Research at Charles Sturt University (CSU) has shown how a student's proficiency in spelling, grammar and punctuation can predict their success with writing.
Mrs Tessa Daffern from CSU's Research Institute for Professional Practice, Learning and Education (RIPPLE) analysed data from year three and year five NAPLAN Writing Tests and Language Conventions Tests (2012-2013) to expose the relationship between spelling, grammar and punctuation, and compositional writing ability for students in year three and year five.
"I wanted to know how aspects of spelling, grammar and punctuation can be used to predict a child's writing ability and compositional writing quality in the middle and upper primary school years," Mrs Daffern said.
"My research showed that spelling, grammar and punctuation jointly contributed to compositional writing by as much as 43 per cent.
"Spelling was found to be the main predictor of compositional writing while punctuation was not an influential independent predictor."
Mrs Daffern also sought to explore the influence of gender and age in terms of compositional writing. The research showed that spelling is a significant predictor of writing success for both males and females, regardless of age.
The research has highlighted the importance of teaching spelling in primary schools and Mrs Daffern hopes it will be useful to teachers.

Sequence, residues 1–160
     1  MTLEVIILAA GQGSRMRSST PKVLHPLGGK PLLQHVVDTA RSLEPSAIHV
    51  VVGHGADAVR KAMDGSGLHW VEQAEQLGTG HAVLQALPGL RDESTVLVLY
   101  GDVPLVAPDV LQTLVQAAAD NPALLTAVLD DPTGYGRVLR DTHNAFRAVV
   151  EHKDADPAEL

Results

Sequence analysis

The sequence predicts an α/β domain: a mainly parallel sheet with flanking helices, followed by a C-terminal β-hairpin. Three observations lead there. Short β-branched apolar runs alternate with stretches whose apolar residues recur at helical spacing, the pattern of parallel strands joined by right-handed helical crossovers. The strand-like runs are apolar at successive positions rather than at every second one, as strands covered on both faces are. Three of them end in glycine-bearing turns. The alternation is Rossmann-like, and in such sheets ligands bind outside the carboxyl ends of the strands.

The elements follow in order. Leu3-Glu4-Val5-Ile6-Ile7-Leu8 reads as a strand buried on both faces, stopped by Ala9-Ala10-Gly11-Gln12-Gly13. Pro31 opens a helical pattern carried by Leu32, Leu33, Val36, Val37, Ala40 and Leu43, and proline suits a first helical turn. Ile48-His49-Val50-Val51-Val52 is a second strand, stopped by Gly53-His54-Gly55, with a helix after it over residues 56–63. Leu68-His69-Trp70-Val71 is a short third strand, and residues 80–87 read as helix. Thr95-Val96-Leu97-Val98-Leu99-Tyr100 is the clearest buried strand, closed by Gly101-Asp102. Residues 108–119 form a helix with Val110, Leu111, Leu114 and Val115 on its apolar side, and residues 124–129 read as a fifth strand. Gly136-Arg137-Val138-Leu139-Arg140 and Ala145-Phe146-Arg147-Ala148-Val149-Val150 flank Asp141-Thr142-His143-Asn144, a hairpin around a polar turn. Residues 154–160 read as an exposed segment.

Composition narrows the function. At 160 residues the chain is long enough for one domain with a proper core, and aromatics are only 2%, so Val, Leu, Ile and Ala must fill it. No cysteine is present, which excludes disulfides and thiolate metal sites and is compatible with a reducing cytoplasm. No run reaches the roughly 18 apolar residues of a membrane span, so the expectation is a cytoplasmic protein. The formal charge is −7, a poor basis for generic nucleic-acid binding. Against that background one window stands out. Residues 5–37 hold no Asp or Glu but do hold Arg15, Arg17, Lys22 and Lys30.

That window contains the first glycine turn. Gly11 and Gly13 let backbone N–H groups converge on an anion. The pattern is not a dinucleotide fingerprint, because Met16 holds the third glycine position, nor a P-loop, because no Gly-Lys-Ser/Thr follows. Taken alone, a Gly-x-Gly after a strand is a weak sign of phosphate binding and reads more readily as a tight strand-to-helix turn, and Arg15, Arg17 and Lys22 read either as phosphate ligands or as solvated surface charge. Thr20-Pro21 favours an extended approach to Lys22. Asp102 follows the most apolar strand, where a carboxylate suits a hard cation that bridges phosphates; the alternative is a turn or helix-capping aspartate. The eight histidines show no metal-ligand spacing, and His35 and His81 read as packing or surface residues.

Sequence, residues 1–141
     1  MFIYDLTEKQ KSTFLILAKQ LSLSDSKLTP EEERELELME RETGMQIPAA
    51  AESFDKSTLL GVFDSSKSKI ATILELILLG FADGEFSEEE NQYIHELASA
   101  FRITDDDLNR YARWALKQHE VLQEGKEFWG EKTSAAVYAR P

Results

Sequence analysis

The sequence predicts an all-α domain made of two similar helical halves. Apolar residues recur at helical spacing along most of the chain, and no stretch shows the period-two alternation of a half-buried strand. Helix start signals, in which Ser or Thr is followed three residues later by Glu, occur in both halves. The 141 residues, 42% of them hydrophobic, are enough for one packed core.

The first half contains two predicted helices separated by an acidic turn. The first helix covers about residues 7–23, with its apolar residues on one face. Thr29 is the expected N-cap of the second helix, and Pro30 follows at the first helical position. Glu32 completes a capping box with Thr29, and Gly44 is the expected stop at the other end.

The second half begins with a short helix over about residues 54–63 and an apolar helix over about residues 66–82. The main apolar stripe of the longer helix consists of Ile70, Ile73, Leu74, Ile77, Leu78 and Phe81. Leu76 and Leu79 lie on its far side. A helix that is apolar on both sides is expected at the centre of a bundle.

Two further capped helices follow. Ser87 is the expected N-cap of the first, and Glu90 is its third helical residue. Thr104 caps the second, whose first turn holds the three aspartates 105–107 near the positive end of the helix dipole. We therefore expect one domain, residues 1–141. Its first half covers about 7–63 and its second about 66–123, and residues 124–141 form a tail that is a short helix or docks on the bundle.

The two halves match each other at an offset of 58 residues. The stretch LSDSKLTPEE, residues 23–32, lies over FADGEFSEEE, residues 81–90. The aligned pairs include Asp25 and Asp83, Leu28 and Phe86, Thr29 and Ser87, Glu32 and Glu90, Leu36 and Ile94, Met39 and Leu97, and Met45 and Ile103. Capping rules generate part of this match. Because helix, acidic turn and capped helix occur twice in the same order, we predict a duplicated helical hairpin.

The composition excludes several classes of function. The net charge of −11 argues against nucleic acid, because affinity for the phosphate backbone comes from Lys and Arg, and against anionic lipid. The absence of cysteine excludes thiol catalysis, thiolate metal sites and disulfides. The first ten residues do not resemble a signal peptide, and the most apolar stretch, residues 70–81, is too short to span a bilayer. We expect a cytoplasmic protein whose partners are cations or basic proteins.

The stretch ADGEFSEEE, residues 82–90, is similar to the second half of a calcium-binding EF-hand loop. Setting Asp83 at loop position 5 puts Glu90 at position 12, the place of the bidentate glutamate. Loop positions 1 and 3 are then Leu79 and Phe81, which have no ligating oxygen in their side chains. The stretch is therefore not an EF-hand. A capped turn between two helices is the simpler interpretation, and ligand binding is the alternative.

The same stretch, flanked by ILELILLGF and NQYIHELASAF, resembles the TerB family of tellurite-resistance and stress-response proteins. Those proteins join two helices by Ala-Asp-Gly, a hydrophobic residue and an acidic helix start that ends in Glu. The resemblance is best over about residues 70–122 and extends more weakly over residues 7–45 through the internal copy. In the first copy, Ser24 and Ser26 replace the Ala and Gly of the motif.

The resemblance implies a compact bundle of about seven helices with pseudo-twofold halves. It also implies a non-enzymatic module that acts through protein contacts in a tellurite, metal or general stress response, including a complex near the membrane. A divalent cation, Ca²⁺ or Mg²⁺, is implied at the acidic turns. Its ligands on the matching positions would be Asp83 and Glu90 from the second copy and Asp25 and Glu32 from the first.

"This research has confirmed the importance of teaching spelling in the middle and upper primary school years, not just in the early years of schooling," Mrs Daffern said.
"I also hope this research motivates teachers to encourage proof reading and editing of language convention errors in their classrooms, as well as encouraging other important elements of writing such as vocabulary precision and text cohesion. It also shows that they should not adjust their instruction on the basis of gender when teaching language conventions and compositional writing."
Mrs Daffern recently presented her findings at international conferences in Cyprus and Hungary. She is currently completing her PhD, An examination of spelling acquisition in the middle and upper primary school years, under the supervision of Dr Noella Mackenzie and Dr Brian Hemmings.